Sports

Race against the clock

Every Tuesday night, there is a sound on Langley and Wilkinson Roads that only a few people can hear. It’s the sound of bicycle tires.

As rush hour traffic whips by, anywhere between a scant handful and more than a dozen triathletes and bicycle racers dash along these roads, riding their weekly 7.4-mile time trial in near silence. Near silence.

From the saddle, however, the riders can be heard gasping for air, grinding their chains over gears and bumping rock-hard, high-pressure tires over rough asphalt. This April marked the start of the fifth season of Tuesday night time trials on the course. Started by a group of bike racing athletes as a way to track their fitness throughout the summer racing season, the trials have also given some of their most devoted attendees a map of their fitness over half a decade.

Open to anyone with an interest in improving their riding, the time trails are a challenge for both beginner and veteran rider. Because the course is short, even beginning riders need not worry about being unable to finish. Faster riders can challenge themselves repeatedly on the course, which starts flat and fast, but ends on a bumpy, grinding climb up Surface Road.

Riders take to the course one at a time at 30-second intervals. They race only against the clock, not against one another.

During the previous three years, the course record for the trials has been set at various times by perennial Whidbey Island Triathlon champion Peter Oakley, former professional rider Nate Reiss, and Clinton bike racer Jordan Itaya. But this season, one of Itaya’s Seattle cycling teammates, 35-year-old Jason Betchel, shattered Reiss’ old record, riding the course in 16 minutes and 48 seconds. This translates to an average speed of just under 30 mph.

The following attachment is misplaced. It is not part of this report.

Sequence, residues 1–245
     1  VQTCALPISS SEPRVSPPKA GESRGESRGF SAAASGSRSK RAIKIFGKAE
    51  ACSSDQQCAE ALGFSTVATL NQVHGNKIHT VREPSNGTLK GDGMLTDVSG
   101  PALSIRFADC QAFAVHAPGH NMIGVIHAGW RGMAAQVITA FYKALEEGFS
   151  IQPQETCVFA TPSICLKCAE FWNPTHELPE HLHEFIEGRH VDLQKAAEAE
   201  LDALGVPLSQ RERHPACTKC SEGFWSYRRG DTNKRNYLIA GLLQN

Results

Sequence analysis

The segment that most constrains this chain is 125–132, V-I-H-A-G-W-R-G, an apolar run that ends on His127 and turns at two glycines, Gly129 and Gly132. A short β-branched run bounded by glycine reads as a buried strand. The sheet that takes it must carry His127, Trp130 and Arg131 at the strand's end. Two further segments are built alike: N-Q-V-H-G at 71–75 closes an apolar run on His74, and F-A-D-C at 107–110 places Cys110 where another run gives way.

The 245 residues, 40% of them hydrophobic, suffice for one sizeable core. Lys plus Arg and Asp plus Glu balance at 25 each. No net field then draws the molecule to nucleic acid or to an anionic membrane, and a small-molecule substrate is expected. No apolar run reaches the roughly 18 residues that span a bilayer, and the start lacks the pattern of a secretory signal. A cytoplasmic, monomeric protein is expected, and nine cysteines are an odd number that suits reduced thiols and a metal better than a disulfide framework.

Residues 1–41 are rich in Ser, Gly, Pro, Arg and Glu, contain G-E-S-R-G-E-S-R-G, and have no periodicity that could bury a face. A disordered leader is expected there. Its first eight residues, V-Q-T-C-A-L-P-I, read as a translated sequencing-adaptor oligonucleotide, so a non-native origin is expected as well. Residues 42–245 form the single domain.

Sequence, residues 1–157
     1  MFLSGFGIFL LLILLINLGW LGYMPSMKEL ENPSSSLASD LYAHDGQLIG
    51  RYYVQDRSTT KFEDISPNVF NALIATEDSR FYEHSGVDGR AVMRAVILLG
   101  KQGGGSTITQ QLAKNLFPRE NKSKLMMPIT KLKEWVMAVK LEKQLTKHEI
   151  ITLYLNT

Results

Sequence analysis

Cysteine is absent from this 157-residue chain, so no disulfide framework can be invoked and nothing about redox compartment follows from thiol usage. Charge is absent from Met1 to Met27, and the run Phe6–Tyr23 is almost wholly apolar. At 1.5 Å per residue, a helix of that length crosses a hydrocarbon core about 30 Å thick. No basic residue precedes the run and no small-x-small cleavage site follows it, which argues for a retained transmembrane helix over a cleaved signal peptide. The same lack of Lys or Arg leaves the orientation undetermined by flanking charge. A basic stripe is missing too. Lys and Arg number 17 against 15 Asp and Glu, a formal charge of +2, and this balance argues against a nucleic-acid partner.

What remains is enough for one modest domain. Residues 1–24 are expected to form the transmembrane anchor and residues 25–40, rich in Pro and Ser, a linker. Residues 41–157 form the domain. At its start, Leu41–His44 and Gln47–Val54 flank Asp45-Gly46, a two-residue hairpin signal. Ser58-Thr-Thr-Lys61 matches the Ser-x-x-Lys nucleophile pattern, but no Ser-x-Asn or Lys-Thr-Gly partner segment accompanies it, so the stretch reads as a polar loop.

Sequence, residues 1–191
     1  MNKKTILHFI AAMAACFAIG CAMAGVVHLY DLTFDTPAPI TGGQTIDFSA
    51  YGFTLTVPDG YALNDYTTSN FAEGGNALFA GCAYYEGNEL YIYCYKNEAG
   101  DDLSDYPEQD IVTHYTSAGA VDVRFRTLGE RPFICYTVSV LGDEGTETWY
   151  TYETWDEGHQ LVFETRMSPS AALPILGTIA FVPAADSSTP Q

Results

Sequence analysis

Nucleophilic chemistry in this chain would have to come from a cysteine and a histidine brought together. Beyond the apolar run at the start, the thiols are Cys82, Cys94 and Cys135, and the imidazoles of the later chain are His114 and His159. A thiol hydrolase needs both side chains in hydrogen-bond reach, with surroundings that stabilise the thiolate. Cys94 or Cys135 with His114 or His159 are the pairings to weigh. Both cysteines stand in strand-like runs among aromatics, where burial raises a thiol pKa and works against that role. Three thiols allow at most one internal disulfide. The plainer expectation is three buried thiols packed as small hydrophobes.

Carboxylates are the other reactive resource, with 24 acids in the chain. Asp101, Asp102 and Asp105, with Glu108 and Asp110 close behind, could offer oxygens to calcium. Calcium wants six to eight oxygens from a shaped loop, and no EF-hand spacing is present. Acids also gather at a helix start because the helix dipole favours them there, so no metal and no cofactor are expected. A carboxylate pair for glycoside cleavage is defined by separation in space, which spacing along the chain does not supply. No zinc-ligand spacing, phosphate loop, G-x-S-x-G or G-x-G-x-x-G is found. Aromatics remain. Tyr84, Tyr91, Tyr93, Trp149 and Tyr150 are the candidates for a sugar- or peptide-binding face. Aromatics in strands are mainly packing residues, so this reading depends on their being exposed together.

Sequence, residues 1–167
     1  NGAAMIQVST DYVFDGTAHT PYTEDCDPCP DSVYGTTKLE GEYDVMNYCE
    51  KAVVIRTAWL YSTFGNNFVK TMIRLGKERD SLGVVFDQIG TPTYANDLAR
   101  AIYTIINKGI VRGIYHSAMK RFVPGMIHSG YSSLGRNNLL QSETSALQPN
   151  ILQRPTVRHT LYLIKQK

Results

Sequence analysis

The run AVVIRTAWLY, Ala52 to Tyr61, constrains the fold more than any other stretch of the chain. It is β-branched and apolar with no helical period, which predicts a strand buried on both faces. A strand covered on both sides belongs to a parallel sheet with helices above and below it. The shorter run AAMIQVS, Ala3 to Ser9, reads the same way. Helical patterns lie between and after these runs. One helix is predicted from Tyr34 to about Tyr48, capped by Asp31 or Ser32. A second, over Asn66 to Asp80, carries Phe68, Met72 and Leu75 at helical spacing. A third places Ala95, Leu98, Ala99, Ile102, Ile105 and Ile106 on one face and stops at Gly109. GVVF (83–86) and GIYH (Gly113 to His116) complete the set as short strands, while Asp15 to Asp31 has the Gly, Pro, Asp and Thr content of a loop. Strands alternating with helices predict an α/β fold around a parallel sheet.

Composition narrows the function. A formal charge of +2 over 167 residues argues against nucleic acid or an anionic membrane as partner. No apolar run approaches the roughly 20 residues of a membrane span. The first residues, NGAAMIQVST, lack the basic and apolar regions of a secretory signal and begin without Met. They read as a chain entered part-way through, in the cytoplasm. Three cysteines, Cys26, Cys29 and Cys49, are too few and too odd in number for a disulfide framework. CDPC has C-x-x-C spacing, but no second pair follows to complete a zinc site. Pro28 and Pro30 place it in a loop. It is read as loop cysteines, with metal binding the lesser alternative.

But just because riders doing the time trial enjoy aiming for the record doesn’t mean the trials are serious competition. Run by volunteer timers each week, the trials are both low key and family oriented. Several riders bring young children to the trials, some of whom get a free ride on the course in trailers. Most weeks, however, trials timers provide child care, watching the kids at the start and finish point at Ken’s Korner Mall.

For beginning riders, the trials can be a big ego boost. After every trial, riders gather to hear their times read off by the timer. Each rider’s time is cheered regardless of how it compares to past performances. Typical ride times for beginners range between 25 and 30 minutes.

The trials start each Tuesday with a 6 p.m. warm-up loop on the trial course, starting outside the Momentum health club. The trial itself begins at 6:30 p.m. at the Ken’s Korner bus stop on Langley Road.

Riders’ times are recorded in a notebook, where they are kept permanently. Every trial run for the past five years is recorded, so riders can track their progress over the years.

Sponsored by the South Whidbey Parks and Recreation District in past years, the trials are now run by the riders. There is no fee to ride, however, riders who wish to ride the trials are required to wear helmets and expected to keep their bikes in good repair.

The trials will run each Tuesday through the first week of October.

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